One Sunday while sitting around the dinner table, Louise and I began to tell Daddy stories, the ones that stretched back to the early days of his preaching life. Since I was born 12 years after he ‘made a preacher’, as our folks said back then, I could only contribute what he had told me about those days not what I had seen.
When you add the opportunity to go off to college or move out on your own, we’re fooled into thinking that we’re mature enough and wise enough to make decisions that will affect the rest of our lives.
My grandmother – Daddy’s mother – was sometimes called “crazy” by others who didn’t quite understand her eccentric ways. Of course, in the South, we are proud of such a label for it means that we are interesting and worthy of being the center of coffee and cake conversation.
For those of you who are faithful to this column, you will, no doubt, recall that last year I made brand new resolutions. I tossed out the old ones that I had failed at repeatedly and trudged ahead to new ones, optimistically believing that success was mine for taking.
I realized this year, though, that there is one day of the Christmas season that never disappoints me. In fact, it is always warmer, more loving, memorable, and joyous than I expect. That’s the day that I put up my favorite of three trees.
Whether this has been a year that leaned more toward blessings or tribulations, give thanks for it. Because even the hard times are leading to better times and when you get to those better days, you’ll celebrate them with pure joy.
The American Dream. Pure and simple. Why aren’t we doing more to extol it these days? Why aren’t we celebrating the opportunities of a country where the poor can rise mightily?
It’s been 20 years without Davey Allison and I, at last, am able to laugh at his antics rather than recalling just the sorrow. And there are the lessons, too, that he taught.
I do not believe it is a coincidence that our family from Mama and Daddy’s generation lived, for the most part, long and healthy lives. There were no preservatives in their food and their water came either directly from mountain streams or deep wells.
When the military guard stood at attention at Mr. Hoyt’s casket and taps played, I put my hand over my heart and cried.
She did not squander time on life’s foolish pursuits – shopping for pretty dresses, parties, choosing a new lipstick color or beach vacations. She was, all would agree, a statue for sturdiness, a monument to women who looked life and its troubles squarely in the eye and stared down those challenges.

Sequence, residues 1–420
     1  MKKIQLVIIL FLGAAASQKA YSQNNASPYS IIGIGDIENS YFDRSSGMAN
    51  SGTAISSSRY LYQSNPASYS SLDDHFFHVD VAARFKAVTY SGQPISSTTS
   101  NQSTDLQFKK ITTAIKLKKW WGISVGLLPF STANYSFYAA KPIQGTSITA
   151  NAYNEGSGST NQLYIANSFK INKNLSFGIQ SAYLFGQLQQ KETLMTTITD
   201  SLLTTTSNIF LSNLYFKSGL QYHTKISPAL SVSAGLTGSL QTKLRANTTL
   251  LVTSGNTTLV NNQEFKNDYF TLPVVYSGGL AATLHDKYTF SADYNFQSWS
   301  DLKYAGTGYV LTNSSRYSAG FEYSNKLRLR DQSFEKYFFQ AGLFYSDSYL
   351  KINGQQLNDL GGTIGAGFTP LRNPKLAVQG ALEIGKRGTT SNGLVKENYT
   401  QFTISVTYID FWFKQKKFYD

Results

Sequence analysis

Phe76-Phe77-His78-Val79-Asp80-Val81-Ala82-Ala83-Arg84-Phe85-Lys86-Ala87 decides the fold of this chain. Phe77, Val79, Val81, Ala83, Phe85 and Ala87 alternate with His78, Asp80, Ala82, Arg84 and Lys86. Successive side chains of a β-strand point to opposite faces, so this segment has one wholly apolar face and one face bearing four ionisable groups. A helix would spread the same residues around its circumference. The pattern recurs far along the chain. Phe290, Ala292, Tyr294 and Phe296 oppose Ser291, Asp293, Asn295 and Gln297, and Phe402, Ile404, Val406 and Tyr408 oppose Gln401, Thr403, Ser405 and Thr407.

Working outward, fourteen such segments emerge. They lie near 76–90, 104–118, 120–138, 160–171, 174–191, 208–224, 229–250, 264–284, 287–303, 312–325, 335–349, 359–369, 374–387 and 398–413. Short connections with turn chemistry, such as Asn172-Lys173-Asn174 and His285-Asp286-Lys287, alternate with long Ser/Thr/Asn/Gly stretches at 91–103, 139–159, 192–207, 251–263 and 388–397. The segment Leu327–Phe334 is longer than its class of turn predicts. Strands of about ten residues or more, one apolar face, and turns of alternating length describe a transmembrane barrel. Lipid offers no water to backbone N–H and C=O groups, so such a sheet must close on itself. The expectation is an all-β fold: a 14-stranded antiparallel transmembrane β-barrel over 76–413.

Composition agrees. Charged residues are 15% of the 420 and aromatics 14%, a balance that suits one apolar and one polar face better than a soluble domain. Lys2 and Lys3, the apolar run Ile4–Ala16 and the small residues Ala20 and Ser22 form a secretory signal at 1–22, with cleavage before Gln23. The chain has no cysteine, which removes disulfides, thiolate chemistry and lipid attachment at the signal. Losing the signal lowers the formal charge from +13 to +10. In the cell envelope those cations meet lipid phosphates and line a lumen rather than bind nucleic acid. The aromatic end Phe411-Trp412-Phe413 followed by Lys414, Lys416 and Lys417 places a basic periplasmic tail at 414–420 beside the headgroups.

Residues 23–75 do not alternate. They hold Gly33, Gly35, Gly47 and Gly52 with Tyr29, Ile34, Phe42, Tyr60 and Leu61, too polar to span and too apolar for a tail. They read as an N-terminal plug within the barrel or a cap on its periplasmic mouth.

About the only thing that has changed is that Mama doesn’t make my clothes any more. And that is both a good thing and a bad thing.
This is my South of which I am so proud, a community, broad and vast, where tribulations and triumphs alike are shared.
When it’s born in you, you just keep doing the best you can to help those in need.
Any self-respecting Southern woman has a list of casserole recipes a mile long ready to bake at a moment’s notice. You got a sickness or a death in your family, we’ve got just the casserole for you.
She said it, of course, with smirk. Those women who really don’t understand the ways of the women of the South seem to always speak about us in words that are vividly cloaked in disdain.
Charlie Tinker had a front row seat to history, ranging from a friendship with Lincoln to the Civil War to the hanging of those convicted. Thanks to his diaries, we are able to see what he saw.
“Some day,” Daddy used to say often as I was growing up, “I’m going to the Holy Land. I want to walk where Jesus walked.”
Having helped raised Mama to independence, I can tell you —be it teenagers or elderly mothers, independence is a good thing for everyone.
Upon discovering Charles Almerin Tinker’s leaf-strewn grave in Green-Wood cemetery in Brooklyn, NY, we – one of us more than the other – began to study the names and dates engraved on the towering monument.
The renowned bow maker in my hometown died. Only in the South would this probably be news because we Southern women do admire a package well wrapped.
The way she was was a long way from what she became. I can't help thinking about how life veers so far away from the beginning of the journey and how the destination can vary drastically from where it all started.